How you "manage" is by keeping in mind that (a) what you read is likely not the opinion of the silent majority of students, (b) that even the students that actually post hurtful feedback will often not really feel like this about you, but rather be frustrated because of a bad grade, a bad experience with your school in general, or just a difficult time in their life, and that (c) in reality, most teachers get a wide range of feedback from very bad to very good.

Also note that especially in smaller classes there can be tremendous differences between years, so having a bad evaluation in one year can still lead to a better evaluation in the following. Further, I have taken to basically ignore any feedback that has been mentioned only once or twice, and only start to take a specific complaint serious if it becomes a pattern.

TL;DR: In short, you will need to learn to not take the feedback personally.

  • 32
    I disagree with a lot of this, having just come out of school and had a bad prof who taught a large percentage of classes in my area of study. While I suspect he was a nice guy, he had a tendency to get defensive if we didn't understand his explanation of what was taught in lecture. He also designed his classes so that answers (or any information at all) could not be found in any resources besides the book he wrote to teach the class. Anonymous feedback was the best way to let him know how frustrated I was without him being mad at me, and I know my opinion was the silent (and vocal) majority. Commented Mar 8, 2017 at 17:42
  • 20
    I have certainly used anonymous feedback to vent my feelings about a class or professor. Knowing that anything I said would have few repercussions allowed me to say things I normally never would have—which is the entire point of anonymous feedback. So I agree with EvSunWoodard, in that if you're students are saying it, there's probably a reason why. But I never stopped to think about how de-motivating my words might have been for the professor, so I have to say, too, that don't take it personally.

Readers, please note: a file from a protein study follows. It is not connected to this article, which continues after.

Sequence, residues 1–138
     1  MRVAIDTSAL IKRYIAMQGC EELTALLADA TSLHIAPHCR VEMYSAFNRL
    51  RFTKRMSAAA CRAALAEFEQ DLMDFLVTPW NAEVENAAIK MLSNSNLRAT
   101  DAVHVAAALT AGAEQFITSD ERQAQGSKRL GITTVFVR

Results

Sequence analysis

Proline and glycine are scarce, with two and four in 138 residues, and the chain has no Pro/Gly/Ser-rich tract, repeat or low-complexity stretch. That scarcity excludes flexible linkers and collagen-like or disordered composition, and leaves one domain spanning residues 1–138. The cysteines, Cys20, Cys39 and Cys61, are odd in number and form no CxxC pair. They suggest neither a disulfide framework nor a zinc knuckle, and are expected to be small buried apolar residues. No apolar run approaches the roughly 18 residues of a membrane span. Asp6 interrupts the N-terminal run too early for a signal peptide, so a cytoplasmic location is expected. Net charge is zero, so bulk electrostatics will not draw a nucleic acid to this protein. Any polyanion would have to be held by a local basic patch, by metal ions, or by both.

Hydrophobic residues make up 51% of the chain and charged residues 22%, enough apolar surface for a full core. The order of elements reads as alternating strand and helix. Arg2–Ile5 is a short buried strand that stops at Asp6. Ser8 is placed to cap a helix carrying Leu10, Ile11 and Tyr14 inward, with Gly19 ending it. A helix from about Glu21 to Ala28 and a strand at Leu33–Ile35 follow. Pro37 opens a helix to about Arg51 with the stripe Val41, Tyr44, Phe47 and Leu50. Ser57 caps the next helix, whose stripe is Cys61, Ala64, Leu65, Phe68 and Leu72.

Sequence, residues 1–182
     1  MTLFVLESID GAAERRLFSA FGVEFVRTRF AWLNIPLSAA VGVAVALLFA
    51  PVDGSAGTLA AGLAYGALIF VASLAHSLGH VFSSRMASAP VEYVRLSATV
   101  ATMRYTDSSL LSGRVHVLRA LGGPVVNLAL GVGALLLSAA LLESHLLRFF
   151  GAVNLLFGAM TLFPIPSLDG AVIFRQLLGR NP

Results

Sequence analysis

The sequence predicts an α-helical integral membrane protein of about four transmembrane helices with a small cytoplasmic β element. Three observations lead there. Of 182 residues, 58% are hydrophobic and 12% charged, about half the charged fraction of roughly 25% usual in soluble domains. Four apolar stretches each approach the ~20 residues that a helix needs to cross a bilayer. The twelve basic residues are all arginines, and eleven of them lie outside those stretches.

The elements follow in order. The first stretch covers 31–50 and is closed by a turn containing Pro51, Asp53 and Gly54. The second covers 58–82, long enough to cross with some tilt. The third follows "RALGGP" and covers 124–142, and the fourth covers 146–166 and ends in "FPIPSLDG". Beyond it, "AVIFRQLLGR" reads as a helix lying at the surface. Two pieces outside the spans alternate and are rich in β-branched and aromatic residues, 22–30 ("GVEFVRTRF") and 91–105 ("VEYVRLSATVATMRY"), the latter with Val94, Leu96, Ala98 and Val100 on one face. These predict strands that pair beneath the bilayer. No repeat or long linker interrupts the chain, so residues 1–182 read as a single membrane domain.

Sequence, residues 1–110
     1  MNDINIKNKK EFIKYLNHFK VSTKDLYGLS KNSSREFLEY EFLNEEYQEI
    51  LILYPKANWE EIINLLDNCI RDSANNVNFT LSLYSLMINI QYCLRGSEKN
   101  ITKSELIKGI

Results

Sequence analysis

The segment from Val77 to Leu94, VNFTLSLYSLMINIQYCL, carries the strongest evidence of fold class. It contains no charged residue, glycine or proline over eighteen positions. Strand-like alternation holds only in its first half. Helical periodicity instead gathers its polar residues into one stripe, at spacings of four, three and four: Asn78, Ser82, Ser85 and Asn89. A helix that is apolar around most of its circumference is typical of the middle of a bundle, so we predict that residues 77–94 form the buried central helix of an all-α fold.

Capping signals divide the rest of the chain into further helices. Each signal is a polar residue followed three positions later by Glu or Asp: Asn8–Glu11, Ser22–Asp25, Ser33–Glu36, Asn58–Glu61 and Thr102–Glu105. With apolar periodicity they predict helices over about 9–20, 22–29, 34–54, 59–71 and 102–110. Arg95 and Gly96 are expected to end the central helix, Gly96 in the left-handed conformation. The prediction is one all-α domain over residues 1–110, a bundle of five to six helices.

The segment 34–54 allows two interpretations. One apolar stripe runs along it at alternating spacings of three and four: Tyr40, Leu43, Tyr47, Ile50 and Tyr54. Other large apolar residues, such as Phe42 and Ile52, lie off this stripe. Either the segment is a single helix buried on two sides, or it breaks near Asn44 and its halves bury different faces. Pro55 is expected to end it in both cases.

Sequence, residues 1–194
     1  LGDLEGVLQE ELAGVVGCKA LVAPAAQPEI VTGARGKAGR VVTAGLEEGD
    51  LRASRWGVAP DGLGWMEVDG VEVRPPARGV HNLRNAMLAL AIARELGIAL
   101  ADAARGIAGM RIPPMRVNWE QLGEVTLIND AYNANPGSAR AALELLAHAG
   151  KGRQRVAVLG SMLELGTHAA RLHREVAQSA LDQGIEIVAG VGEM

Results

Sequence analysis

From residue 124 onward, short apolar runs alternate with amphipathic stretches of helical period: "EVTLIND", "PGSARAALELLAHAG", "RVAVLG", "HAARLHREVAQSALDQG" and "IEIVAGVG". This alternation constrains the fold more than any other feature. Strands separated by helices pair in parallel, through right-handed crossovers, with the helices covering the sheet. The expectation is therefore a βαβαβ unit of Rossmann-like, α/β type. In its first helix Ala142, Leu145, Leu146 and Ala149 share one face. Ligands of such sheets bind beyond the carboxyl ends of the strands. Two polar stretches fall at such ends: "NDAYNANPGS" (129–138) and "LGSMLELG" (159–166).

– user61733
    Commented Mar 8, 2017 at 19:53
  • 10
    @EvSunWoodard: so what is it, exactly, that you're disagreeing with? It seems like you're saying more or less the same thing.
    – tomasz
    Commented Mar 9, 2017 at 1:19
  • 7
    Also worth mentioning that positive feedback also isn't always truthful. As an undergrad, I had a 'blow off' class that was an easy A. At the time, I gave that guy top marks. I'm pretty sure the majority of my classmates did the same. We all seemed pretty happy about his hands off approach. In hindsight, I learned nothing. The time and money spent in class, collectively goofing off, wasn't beneficial to myself as a student, or to the instructor, if he had intentions of improving his craft or continuing on as a professor.
    – Rob P.
    Commented Mar 9, 2017 at 2:48
  • 5
    Also, my experience is that students tend to overestimate to what extend their and their friend's feelings represent "the majority of the class". This is of course not to say that there are no courses where most students are dissatisfied ...
    – xLeitix
    Commented Mar 9, 2017 at 7:12

I have a different view on such feedback and here is how I deal with it.

First of all, the anonymous comments are a great feedback and they are generally true.

Second, students, especially younger ones, are pretty bad at wording their thoughts on paper. They tend to exaggerate, be offensive or aggressive, focus on seemingly irrelevant things, draw wrong conclusions, etc.

To get the most value out of anonymous comments, I learned to ask very specific questions. My favorite ones are "What did you like the most about my class?" and "What do you think can be improved about this class?". No matter how ADD your students are, this will focus them dead on point.

If you ask anything general like "What do you think about my class?", students will get so creative and off-topic, they will blow your mind. 60 people watching you for half a year will know A LOT of things about you, you yourself don't know. If you want to learn more about yourself, go ahead, you will rarely get a better opportunity. As for me, at the age of 30 I already have a long list of things I want to improve about myself and don't want anything added to it. I especially don't want to hear about things I can't or don't want to change, like my receding hair, accent, or fashion preferences (lack of thereof).